(A–E) NM fibers (5 µM NM monomer) were incubated for 60 min at 25°C with buffer or Hsp42 (10 µM). NM fibers were then recovered by centrifugation at 16,000 g, gently washed, resuspended in an equal volume of assembly buffer, and used to seed (2% wt/wt) assembly of NM (5 µM) for 12 h at 25°C in the presence of ATP (5 mM) and increasing concentrations of Ssa1 (A), Sis1 (B), Ydj1 (C), Ssa1:Sis1 (D), or Ssa1:Ydj1 (E). Fibrillization was monitored by ThT fluorescence. Values represent means±SD (n = 3). (F) NM fibers (5 µM or 1.25 µM) were sonicated and transformed into [psi] cells overexpressing the indicated combination of Hsp26, Hsp42, Sis1, and Ydj1. The proportion of [PSI+] colonies was then determined. Values represent means±SD (n = 5).

doi:10.1371/journal.pbio.1001346.g009

These results were corroborated in vivo. Two titers of synthetic NM prions were transformed into [psi] cells overexpressing the indicated combination of Hsp26, Hsp42, Ydj1, or Sis1 (Figure 9F). Importantly, [PSI+] induction by NM fibers was reduced by the overexpression of either sHsp or either Hsp40 especially at lower prion titers (Figure 9F). The greatest inhibition was observed when Hsp26 and Hsp42 were combined (Figure 9F). At higher prion titers, the combination of sHsp and Hsp40 was more potent than the sHsp alone (Figure 9F). Specifically, the combination of Hsp26 plus Ydj1 was more effective in preventing infection than Hsp26 alone (two-tailed Student's t test; p = 0.005), as was Hsp26 plus Sis1 (two tailed Student's t test; p = 0.0012). Similarly, the combination of Hsp42 plus Ydj1 was more effective in preventing infection than Hsp42 alone (two-tailed Student's t test; p = 0.006), as was Hsp42 plus Sis1 (two-tailed Student's t test; p = 0.0025). These data suggest that Hsp42 can collaborate with Hsp70 and Hsp40 to prevent seeding by NM prions in vivo. They also suggest that Hsp26 can prevent seeding by preformed NM prions in vivo.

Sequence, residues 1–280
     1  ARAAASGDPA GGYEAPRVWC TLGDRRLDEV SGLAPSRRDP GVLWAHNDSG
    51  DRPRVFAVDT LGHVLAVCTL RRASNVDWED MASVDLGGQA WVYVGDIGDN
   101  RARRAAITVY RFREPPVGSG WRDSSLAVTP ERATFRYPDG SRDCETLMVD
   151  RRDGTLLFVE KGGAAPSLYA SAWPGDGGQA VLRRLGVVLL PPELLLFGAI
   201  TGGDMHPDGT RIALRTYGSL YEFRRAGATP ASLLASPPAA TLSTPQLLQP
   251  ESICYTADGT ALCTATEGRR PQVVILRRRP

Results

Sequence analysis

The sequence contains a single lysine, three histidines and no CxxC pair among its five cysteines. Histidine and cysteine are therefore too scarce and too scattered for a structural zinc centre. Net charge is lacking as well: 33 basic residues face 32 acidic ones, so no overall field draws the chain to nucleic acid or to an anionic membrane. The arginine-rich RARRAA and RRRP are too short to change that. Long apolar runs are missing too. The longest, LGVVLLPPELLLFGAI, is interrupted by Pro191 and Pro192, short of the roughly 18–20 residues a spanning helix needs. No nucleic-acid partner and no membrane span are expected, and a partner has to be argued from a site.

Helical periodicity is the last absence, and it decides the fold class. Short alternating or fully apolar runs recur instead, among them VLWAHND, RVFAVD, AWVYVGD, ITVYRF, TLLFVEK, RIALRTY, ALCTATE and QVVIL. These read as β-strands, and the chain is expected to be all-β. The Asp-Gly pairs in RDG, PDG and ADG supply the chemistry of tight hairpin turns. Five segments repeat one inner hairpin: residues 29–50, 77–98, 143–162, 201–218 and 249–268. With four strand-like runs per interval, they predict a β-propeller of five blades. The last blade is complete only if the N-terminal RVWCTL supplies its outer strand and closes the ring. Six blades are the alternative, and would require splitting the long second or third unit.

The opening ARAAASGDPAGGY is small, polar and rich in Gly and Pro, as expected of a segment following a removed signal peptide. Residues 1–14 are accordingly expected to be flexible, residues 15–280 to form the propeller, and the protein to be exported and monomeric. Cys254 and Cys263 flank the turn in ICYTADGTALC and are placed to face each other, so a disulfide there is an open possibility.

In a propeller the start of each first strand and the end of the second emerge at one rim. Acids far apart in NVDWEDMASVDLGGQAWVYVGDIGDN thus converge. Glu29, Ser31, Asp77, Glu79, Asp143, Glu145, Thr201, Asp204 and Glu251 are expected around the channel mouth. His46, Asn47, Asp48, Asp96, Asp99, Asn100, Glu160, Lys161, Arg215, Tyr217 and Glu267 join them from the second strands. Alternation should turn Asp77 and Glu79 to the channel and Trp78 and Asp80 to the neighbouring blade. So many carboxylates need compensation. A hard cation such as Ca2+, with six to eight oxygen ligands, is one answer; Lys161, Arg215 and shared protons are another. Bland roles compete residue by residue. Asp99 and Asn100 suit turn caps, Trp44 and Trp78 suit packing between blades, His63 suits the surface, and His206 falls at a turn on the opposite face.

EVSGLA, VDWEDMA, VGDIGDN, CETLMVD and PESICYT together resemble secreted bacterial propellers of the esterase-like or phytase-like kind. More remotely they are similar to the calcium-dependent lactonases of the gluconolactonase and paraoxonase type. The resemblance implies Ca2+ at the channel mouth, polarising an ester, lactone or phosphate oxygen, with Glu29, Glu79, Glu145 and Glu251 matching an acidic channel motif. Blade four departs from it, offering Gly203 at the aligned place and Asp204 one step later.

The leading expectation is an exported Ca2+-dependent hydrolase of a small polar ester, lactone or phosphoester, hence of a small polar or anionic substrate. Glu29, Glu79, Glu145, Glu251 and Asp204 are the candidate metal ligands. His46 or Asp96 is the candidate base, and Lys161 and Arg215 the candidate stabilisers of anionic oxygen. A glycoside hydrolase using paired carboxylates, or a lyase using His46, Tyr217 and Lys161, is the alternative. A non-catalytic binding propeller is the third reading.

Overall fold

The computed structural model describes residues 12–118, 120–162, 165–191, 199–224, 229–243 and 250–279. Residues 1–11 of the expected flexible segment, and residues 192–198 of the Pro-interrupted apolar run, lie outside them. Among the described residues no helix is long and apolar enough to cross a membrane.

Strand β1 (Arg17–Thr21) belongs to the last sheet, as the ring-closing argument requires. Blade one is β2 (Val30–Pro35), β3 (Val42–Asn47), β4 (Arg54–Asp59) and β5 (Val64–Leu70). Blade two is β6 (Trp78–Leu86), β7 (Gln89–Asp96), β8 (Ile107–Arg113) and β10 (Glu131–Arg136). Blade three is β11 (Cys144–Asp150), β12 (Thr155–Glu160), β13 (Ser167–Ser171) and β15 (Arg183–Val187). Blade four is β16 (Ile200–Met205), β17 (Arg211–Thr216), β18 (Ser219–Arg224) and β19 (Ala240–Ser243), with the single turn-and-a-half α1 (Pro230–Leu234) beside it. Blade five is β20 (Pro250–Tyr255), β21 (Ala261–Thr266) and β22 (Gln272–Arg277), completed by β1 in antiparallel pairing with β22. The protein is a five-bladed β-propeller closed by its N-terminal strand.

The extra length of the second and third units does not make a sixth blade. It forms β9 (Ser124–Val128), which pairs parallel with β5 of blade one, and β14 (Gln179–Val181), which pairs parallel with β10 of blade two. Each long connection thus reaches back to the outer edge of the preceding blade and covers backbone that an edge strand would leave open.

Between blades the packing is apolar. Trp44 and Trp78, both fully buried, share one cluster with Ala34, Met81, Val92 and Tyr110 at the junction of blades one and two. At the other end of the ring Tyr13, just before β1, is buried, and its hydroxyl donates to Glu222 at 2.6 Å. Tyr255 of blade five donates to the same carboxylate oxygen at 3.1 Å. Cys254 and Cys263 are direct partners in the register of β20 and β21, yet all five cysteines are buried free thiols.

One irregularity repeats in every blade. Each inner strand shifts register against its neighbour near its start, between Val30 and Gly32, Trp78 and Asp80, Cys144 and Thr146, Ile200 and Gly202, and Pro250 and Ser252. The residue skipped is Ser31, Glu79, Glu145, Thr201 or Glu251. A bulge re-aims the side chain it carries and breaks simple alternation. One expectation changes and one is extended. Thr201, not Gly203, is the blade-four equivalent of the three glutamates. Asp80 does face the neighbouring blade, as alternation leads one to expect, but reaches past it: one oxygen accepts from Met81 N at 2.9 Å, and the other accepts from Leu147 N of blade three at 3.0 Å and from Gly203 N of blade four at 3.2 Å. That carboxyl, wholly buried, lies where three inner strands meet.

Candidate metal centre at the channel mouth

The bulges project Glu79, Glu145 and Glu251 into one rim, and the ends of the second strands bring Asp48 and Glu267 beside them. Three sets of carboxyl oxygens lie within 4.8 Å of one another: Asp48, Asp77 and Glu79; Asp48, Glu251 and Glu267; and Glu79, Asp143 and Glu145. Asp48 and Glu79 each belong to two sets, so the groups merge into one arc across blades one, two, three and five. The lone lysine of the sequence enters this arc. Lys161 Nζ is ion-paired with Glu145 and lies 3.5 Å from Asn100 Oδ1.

Hsp26 and Hsp42 Binding Destabilizes NM Fibers

Does Hsp26 or Hsp42 binding alter prion structure? Although Hsp26 and Hsp42 did not disassemble NM fibers after a brief incubation, they both induced a slight decrease in the thermal stability of NM fibers in 1.6% SDS. The melting temperature was slightly reduced from 78±1°C to 71±1°C for Hsp26 and to 72±1°C for Hsp42 (Figure 10A), whereas Ssa1 plus Sis1 had no effect (Figure 10A). Thus, sHsp binding to NM fibers might weaken or subtly alter the intermolecular contacts between NM protomers, and shift the monomer-fiber equilibrium in favor of dissociation. In this way, sHsps might render amyloid forms more susceptible to dissolution by protein disaggregases.

thumbnail

Figure 10. Hsp26 or Hsp42 binding destabilizes NM fibers.

(A) NM fibers (5 µM NM monomer) were incubated for 60 min at 25°C without or with Hsp26 (10 µM), Hsp42 (10 µM), or Ssa1:Sis1 (10 µM of each) in the presence of ATP (5 mM). The stability of the various NM fibers was then determined by SDS–PAGE and quantitative immunoblot. The amount of SDS-soluble NM, which reflects susceptibility of NM fibers to thermal solubilization, was plotted against temperature and fitted to a sigmoidal function. Values represent means±SD (n = 3). (B) NM proteins (5 µM) carrying pyrene labels at the indicated single site were assembled at 25°C with agitation for 12 h. Assembled NM fibers (5 µM NM monomer) were then incubated for 60 min at 25°C without or with buffer, Hsp26, Hsp42, or Ssa1:Sis1 (10 µM) in the presence of ATP (5 mM). The ratio of excimer to non-excimer fluorescence (I465 nm/I375 nm) was then determined.

doi:10.1371/journal.pbio.1001346.g010